Deep State Strikes Back: Establishment Dismisses Trump’s National Emergency Declaration on Border

A group of Central American migrants -mostly Hondurans- climb a metal barrier on the Mexico-US border near El Chaparral border crossing, in Tijuana, Baja California State, Mexico, on November 25, 2018. - US officials closed the San Ysidro crossing point in southern California on Sunday after hundreds of migrants, part …
PEDRO PARDO/AFP/Getty Images

A group of establishment former officials and appointees will declare Monday that the cartels’ flood of lethal drugs, cheap labor, and reckless criminals across the southern border is not a national emergency, according to a report in the Washington Post.

The statement by 58 Republican and Democrat appointees is intended to provide evidence in the planned lawsuits against President Donald Trump’s declaration of a national emergency and his construction of a border barrier.

“Under no plausible assessment of the evidence is there a national emergency today that entitles the president to tap into funds appropriated for other purposes to build a wall at the southern border,” the group’s planned statement states, according to the Washington Post.

In 2016, New York real estate developer Donald Trump was elected president to help fix the various problems that were created, ignored, or tolerated by many of the establishment officials who have signed the letter.

The Washington Post reported the planned announcement, Democrats and Never Trump Republicans signed:

Signing were Eliot A. Cohen, State Department counselor under President George W. Bush; Thomas R. Pickering, President George H.W. Bush’s ambassador to the United Nations; John F. Kerry, Obama’s second secretary of state; Susan E. Rice, Obama’s national security adviser; Leon E. Panetta, Obama’s CIA director and defense secretary; as well as former intelligence and security officials who served under Republican and Democratic administrations.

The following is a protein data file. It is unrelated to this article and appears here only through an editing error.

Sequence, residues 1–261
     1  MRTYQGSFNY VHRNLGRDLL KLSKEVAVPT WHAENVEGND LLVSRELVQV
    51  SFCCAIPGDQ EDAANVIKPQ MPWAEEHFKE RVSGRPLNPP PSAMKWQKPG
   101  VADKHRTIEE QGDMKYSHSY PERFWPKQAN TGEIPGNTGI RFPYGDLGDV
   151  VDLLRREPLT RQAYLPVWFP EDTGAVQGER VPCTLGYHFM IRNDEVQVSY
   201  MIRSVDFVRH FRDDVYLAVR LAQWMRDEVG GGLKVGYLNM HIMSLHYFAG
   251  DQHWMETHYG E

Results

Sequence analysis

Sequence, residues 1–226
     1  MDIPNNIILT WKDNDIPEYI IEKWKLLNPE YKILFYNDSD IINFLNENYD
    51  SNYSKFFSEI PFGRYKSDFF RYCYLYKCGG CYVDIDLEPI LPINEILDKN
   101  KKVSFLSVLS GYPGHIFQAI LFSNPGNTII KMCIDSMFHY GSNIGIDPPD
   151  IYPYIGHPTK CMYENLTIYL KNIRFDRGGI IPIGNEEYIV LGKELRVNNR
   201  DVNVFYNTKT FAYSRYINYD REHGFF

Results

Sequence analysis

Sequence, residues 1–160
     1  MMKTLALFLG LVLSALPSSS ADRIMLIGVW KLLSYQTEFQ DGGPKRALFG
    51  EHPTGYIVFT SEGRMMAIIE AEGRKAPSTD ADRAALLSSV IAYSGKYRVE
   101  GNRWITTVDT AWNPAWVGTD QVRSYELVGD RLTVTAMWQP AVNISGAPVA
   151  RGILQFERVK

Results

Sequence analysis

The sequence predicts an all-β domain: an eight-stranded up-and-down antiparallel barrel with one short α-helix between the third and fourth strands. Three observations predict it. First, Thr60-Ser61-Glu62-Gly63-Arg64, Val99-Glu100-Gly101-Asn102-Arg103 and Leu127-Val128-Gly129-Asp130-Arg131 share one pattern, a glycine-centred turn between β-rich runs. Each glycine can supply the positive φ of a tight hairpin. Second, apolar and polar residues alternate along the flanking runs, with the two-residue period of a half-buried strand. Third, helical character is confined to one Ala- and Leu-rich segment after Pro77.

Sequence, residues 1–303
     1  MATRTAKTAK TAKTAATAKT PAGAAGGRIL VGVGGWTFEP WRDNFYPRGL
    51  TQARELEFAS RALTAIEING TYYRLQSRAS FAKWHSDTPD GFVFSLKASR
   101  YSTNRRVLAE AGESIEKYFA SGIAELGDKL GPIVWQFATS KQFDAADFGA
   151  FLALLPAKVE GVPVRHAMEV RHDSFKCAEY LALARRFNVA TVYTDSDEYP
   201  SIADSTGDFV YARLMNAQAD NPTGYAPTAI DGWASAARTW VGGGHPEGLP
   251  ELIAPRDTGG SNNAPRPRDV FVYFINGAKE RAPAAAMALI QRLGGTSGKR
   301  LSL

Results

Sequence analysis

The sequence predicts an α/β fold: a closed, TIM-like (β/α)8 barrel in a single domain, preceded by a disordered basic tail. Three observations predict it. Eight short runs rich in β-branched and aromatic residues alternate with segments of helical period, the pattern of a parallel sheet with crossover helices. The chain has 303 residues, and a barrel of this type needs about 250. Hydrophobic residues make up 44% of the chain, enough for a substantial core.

The establishment group downplays the growing economic problem of illegal migration, largely by ignoring the evidence that the cartel-aided Central American economic migrants are now using the catch and release rules to legally get through the border without having to take the risk of illegally walking through desert and scrubland.

According to the Washington Post, the group said that “illegal border crossings are at nearly 40-year lows. Undetected unlawful entries at the U.S.-Mexico border decreased from 851,000 to nearly 62,000 between 2006 and 2016, they said, citing Department of Homeland Security statistics.”

The argument ignores the damaging impact of cheap-labor migration on Americans’ wages and the impact of additional crime committed by migrants against Americans living outside wealthy enclaves. The group’s claim also assumes that Trump cannot declare an emergency because President George W. Bush did not declare an emergency — even though Bush wanted to tolerate high levels of illegal migration:

The members of the group also downplay the drug problem, which killed roughly 40,000 people in President Barack Obama’s first year as president. By 2016, the death toll reached 63,000. In 2017, the death toll climbed to 70,000, and many reports suggest the deaths rose in 2018 while establishment politicians opposed Trump’s immigration reforms, border wall, border surveillance, and deportation efforts.

According to the Post, the signers “state that there is no drug trafficking emergency that can be addressed by a wall along the southern border, noting that ‘the overwhelming majority of opioids’ that enter the United States are brought in through legal ports of entry, citing the Justice Department.”

Advocates of the border wall do not say it will end drug deaths. But they say a barrier can help block the movement of drugs and drug traffickers who distribute the drugs into the United States, especially as border officials step up surveillance of vehicles passing through the ports of entry:

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